[Here is CalNonprofits’ statement on the Court’s opinion:
CalNonprofits filed an amicus brief in this case because we believe the prevention and investigation of fraud helps preserve the public trust in our sector. The opinion today will inevitably reduce public trust in nonprofits in California because it takes away the Attorney General’s ability to ask for an unburdensome disclosure to prevent and investigate fraud and other possible wrong-doings by nonprofits. Although the Court dismisses as irrelevant the fact that the donor disclosure through the Schedule B form was confidential, we continue to believe that this confidentiality requirement protected donors and nonprofits—and our Constitutional right to freedom of association.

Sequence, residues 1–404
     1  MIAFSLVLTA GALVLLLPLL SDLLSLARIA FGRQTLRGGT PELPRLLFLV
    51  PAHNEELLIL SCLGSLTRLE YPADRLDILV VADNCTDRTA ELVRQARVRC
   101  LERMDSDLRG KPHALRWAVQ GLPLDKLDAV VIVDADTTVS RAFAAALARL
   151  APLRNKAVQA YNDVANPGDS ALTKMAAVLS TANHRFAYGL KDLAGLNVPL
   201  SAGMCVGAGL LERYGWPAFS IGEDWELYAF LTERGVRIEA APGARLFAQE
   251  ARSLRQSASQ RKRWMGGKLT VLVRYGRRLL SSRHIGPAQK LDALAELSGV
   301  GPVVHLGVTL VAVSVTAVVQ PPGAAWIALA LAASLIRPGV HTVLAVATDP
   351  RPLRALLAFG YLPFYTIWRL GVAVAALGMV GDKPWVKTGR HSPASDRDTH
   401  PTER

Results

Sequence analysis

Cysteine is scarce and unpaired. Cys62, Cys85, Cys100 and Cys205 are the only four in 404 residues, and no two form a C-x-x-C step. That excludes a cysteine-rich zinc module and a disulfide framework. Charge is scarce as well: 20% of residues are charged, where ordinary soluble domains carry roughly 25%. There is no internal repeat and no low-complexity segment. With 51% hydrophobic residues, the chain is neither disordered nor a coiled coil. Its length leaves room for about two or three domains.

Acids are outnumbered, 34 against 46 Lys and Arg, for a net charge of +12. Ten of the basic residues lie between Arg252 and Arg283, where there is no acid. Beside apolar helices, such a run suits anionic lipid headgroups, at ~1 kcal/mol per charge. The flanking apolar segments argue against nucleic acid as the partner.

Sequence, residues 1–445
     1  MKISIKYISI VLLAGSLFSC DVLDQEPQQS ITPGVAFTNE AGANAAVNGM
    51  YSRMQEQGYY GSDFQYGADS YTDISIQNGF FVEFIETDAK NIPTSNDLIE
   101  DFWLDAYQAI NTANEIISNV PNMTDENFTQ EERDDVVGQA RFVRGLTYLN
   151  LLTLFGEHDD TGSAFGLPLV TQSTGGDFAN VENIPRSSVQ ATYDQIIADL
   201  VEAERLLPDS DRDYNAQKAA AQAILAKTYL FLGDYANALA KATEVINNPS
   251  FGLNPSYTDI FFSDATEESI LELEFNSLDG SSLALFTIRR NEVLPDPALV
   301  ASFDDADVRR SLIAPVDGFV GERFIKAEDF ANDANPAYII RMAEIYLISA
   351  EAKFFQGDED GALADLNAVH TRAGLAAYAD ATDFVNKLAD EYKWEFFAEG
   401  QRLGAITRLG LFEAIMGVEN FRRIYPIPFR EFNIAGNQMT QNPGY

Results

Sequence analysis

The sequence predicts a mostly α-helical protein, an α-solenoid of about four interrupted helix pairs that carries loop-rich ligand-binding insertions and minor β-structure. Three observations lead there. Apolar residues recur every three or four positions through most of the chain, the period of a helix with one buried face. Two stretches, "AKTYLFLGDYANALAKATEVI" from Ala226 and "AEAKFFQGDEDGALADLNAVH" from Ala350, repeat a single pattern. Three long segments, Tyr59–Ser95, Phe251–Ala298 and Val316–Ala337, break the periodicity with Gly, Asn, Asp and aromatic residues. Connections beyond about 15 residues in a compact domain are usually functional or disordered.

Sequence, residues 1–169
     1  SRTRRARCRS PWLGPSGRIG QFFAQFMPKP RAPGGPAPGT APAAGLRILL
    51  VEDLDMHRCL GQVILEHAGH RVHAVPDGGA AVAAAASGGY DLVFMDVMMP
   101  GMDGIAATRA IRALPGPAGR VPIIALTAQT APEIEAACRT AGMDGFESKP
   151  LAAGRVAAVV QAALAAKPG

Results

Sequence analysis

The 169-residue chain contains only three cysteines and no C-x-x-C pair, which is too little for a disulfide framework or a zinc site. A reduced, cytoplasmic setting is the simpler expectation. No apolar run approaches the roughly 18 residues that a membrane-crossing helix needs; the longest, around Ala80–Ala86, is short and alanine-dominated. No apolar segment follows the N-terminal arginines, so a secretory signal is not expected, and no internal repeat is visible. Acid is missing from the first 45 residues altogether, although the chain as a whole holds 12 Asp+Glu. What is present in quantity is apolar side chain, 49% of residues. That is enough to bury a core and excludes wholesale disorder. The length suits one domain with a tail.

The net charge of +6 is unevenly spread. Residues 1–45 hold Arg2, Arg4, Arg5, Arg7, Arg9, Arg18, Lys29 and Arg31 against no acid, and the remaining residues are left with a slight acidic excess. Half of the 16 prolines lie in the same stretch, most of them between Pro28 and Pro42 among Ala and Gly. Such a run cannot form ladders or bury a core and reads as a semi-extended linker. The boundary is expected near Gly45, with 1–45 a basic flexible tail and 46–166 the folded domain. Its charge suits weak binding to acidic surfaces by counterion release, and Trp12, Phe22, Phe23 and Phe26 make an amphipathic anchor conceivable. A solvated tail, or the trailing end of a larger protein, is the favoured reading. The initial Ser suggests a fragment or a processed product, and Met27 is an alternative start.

With this opinion, we have lost an important means of keeping bad actors from using tax-exempt status to commit harmful and unlawful acts against the public. We are deeply concerned that this unprecedented finding will put a serious damper on the ability of the Attorney General to regulate our sector—to the detriment of the hundreds of thousands of mission-driven nonprofits doing vital work in our communities. Nonprofits are key service providers, employers, and economic drivers in California and nationwide; public trust ensures we have the support and resources we need to play these important roles.]
“While exacting scrutiny does not require that disclosure regimes be the least restrictive means of achieving their ends, it does require that they be narrowly tailored to the government’s asserted interest,” (Justice Roberts) wrote.
There was, however, a “dramatic mismatch” between California’s interest in policing charities and the law’s reporting requirements. Read the NPR Article by Nina Totenberg